When the Internet of Things (IoT) first started grabbing headlines, I thought of the Russian proverb about the dancing bear.
"The marvel is not that the bear dances well, but that the bear dances at all."
Who wouldn’t marvel at connected cars, smart houses, wearable devices, kitchen appliances that send and receive data to make us more efficient?
But in the business world today the IoT bear is not only dancing, it is dancing well – albeit for targeted audiences. As Beth Stackpole writes in “Making IoT Magic,” analytics is what will make IoT a staple of virtually any industry.
CIOs are well-positioned to play a key role in making the magic happen by quantifying the business value of IoT projects. “Many CIOs think of IoT as cool technology, but their business peers don’t care about the technology, they only care about the business outcomes,” says Ken Piddington, CIO at MRE-Consulting. Piddington adds that CIOs can earn trust by helping make the business case for IoT analytics and by picking strategic pilot projects.
Stackpole zeros in on three such projects, which are also examples of business-IT partnerships.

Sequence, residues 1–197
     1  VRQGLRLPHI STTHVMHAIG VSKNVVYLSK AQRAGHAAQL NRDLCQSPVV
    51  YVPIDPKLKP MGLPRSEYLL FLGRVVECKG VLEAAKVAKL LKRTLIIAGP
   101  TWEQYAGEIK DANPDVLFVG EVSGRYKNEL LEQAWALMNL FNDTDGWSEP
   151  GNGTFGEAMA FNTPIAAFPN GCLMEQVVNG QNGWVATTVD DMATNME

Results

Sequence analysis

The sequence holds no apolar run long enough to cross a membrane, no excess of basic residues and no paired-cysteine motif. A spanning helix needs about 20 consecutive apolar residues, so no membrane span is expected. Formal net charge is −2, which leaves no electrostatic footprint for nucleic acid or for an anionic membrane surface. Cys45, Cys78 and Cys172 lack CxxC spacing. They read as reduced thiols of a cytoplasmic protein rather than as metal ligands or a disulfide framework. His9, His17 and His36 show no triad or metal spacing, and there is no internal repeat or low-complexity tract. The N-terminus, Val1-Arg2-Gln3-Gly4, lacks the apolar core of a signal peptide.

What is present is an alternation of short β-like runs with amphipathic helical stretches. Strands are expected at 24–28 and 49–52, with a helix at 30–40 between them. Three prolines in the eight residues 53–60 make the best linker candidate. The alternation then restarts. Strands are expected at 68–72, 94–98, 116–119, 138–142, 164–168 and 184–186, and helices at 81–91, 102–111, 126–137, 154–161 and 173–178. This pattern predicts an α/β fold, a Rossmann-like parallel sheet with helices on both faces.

Manufacturer Inteva Products’ plant floor machinery has been collecting data for years, but that information was siloed and offered no business insight. The company recently retooled its production floor environment and relies on IoT analytics capabilities to gain intelligence that can lead to better decision-making.
“We’ve been collecting data for years, but no one ever went back to see what was actually going on,” says Dennis Hodges, the company’s CIO. “Much of that data was displayed somewhere in real-time, but it was never captured anywhere. If you didn’t look at it right then and there, you missed it.”
Haemonetics, a provider of blood management services to both donor centers and hospitals, wanted to create new product capabilities and a service business model architected around IoT to help its customers provide better care to patients.
Haemonetics’ IoT analytics project also serves as an example for other business and tech leaders. Walt Hauck, vice president, worldwide product development for Haemonetics, says his CIO partner has taken the lead on key components such as the security and authentication architecture, critically important in healthcare-related offerings.. “It’s been an intimate balance between us and corporate IT,” says Hauck.
Eric van Gemeren, vice president of R&D for Flowserve, a manufacturer of flow control products used in industries like oil & gas and chemicals, is leveraging IoT analytics to retool and differentiate its offerings with predictive maintenance capabilities.
While van Gemeren’s group takes the lead on developing Flowserve’s new IoT products and services, he says the CIO’s group has played a key behind-the-scenes role, mapping out infrastructure and integrating key supporting technologies.
“[IoT analytics] helps customers keep plants running longer with fewer interruptions,” van Gemeren says. “Because we’re providing true analytics, they’re no longer jumping at shadows.”